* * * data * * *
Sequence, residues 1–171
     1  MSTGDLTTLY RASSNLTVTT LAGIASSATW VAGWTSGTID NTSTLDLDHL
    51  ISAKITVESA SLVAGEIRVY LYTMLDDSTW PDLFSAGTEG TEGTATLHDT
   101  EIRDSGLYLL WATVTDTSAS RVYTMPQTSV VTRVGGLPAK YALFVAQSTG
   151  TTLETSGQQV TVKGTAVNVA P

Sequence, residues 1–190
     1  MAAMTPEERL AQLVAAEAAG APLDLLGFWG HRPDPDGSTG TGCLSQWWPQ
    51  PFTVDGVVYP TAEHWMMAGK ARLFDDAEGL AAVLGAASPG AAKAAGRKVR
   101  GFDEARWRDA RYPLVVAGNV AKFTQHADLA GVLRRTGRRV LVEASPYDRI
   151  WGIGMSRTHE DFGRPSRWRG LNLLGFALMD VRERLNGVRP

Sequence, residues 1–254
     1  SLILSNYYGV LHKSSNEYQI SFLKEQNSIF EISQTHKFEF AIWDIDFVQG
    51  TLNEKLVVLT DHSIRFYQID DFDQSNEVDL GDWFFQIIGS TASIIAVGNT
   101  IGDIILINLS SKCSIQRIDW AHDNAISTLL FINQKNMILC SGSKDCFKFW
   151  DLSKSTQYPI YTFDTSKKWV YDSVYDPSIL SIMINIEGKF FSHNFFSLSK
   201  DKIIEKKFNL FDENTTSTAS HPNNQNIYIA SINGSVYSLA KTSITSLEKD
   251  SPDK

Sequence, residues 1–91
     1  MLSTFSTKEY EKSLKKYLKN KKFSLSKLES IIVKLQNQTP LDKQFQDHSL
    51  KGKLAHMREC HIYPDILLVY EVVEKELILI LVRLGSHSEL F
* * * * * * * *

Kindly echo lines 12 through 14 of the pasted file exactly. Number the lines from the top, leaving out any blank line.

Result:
     1  SLILSNYYGV LHKSSNEYQI SFLKEQNSIF EISQTHKFEF AIWDIDFVQG
    51  TLNEKLVVLT DHSIRFYQID DFDQSNEVDL GDWFFQIIGS TASIIAVGNT
   101  IGDIILINLS SKCSIQRIDW AHDNAISTLL FINQKNMILC SGSKDCFKFW